MOBILE DEVICE POLICY
As part of our overall health and safety policy, RJC is committed to reducing both the risks to our employees when driving Company plant/vehicles and the risks to other road users.
This Policy includes all staff whether they are operating Company vehicles/plant or use their own. Employees using vehicles for work must never make or receive calls or program a mobile device (for example: sat nav units, iPads, iPods, MP3 players, mobile phones, tablets and laptops), whether hand-held or hands-free, whilst driving. This includes sending or reading text messages, notifications or emails from any hand held or portable device.
While there is no specific law that states a driver can’t have headphones on, audio devices can detract from your ability to drive safely. This is because headphones can block out traffic sounds, emergency sirens, level crossing signals and even noise made by pedestrians or cyclists, making you a potential hazard for other road users.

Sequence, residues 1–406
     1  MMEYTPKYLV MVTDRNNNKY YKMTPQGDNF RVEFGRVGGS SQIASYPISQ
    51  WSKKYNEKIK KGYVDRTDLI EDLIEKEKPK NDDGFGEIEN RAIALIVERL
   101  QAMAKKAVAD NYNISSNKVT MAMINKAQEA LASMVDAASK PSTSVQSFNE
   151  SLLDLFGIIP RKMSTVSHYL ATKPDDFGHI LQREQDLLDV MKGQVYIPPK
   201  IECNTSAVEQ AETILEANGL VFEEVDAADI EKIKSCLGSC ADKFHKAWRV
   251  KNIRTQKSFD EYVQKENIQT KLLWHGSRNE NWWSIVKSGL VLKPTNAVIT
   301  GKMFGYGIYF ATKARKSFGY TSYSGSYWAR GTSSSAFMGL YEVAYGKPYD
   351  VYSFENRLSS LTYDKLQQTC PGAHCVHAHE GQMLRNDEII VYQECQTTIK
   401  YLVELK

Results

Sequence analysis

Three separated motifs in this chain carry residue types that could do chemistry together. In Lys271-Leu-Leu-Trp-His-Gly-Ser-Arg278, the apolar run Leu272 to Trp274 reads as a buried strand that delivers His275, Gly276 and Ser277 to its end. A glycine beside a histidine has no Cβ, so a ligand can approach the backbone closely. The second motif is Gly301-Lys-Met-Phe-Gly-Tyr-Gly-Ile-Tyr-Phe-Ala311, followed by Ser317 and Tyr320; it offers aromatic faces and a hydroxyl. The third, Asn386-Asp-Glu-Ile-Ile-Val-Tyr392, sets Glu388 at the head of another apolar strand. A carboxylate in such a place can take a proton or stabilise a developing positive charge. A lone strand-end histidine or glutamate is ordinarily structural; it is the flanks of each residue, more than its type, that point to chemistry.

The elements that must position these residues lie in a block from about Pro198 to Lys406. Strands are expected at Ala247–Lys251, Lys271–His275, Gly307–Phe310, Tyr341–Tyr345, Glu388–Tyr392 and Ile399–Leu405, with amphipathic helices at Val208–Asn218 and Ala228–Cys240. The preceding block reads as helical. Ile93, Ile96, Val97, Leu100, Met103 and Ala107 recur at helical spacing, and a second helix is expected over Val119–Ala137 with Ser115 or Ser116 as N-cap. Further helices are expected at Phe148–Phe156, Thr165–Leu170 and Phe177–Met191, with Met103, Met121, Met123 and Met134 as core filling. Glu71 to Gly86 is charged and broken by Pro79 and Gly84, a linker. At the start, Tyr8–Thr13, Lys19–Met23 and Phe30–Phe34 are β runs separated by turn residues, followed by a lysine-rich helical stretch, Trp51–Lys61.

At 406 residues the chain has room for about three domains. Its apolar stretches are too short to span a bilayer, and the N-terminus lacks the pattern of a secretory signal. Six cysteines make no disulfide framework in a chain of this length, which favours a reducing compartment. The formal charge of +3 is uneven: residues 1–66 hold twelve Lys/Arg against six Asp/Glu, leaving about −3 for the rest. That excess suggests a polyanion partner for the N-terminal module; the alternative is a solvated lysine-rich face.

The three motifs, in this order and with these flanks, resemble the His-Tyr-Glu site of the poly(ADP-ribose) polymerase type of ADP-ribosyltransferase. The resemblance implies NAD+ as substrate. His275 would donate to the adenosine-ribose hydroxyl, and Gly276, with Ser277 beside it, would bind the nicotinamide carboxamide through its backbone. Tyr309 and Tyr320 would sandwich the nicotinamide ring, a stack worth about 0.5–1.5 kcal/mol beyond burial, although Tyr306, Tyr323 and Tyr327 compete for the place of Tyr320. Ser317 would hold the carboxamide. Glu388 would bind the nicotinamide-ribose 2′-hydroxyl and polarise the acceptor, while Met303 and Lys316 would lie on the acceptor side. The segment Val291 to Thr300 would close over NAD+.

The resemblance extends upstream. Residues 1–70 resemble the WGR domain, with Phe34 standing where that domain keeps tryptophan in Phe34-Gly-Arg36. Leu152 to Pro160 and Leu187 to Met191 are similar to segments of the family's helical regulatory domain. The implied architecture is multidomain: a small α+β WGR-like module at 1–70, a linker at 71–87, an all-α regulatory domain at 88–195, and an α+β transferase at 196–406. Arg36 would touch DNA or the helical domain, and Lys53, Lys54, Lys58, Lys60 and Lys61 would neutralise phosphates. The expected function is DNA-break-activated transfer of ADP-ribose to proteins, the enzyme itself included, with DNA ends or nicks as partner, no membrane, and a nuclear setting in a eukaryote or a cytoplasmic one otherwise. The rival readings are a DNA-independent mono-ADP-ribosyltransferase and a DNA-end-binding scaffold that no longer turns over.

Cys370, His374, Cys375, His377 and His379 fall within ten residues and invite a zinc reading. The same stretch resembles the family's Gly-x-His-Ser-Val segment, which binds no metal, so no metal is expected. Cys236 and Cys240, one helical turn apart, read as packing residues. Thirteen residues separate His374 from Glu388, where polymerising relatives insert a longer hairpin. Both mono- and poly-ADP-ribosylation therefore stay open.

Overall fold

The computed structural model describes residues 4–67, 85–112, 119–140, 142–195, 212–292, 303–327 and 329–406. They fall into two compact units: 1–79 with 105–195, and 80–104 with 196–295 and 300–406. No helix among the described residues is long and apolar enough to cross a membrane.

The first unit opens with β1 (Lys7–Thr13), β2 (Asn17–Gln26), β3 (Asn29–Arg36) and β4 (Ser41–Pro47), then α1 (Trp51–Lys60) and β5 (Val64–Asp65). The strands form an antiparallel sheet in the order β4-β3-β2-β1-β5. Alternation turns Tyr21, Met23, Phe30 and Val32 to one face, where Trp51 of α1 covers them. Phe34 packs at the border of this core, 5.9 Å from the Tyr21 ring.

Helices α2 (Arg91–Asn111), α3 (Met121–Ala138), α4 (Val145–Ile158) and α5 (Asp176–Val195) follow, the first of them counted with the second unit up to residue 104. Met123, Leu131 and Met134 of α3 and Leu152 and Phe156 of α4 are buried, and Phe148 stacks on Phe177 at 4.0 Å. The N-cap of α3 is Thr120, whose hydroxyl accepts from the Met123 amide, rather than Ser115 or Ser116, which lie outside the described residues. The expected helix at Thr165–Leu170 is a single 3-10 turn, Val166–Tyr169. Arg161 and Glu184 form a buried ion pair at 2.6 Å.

Even when not driving and engaged in other work activity you may, whilst wearing audio devices be:
Senior Managers must lead by example, both in the way they themselves drive and by not tolerating poor mobile device practice amongst colleagues.
All Drivers must ensure:
• Ensure that drivers of HGV vehicles use navigation devices which take into account
height and weight restrictions when planning a route, if any other system is used then sufficient prior route planning must be conducted to ensure that the vehicle is compliant with all height and weight restrictions along its intended route
It is a criminal offence to drive (or have another person drive) a motor vehicle (including motorbikes) while using a “hand-held” mobile phone. This includes any device performing an “interactive communication function by transmitting and receiving data” but excludes two- way radios.
“Driving” includes sitting in a stationary vehicle with the engine on. It is the act of using a phone, not just a certain type of phone, which is prohibited. Even a “hands-free” phone can be considered “hand-held” if it is held at some point during a call’ however, operating a mobile while in its holder will not be considered an offence.
Enter Your Email Address
For Our Company Newsletter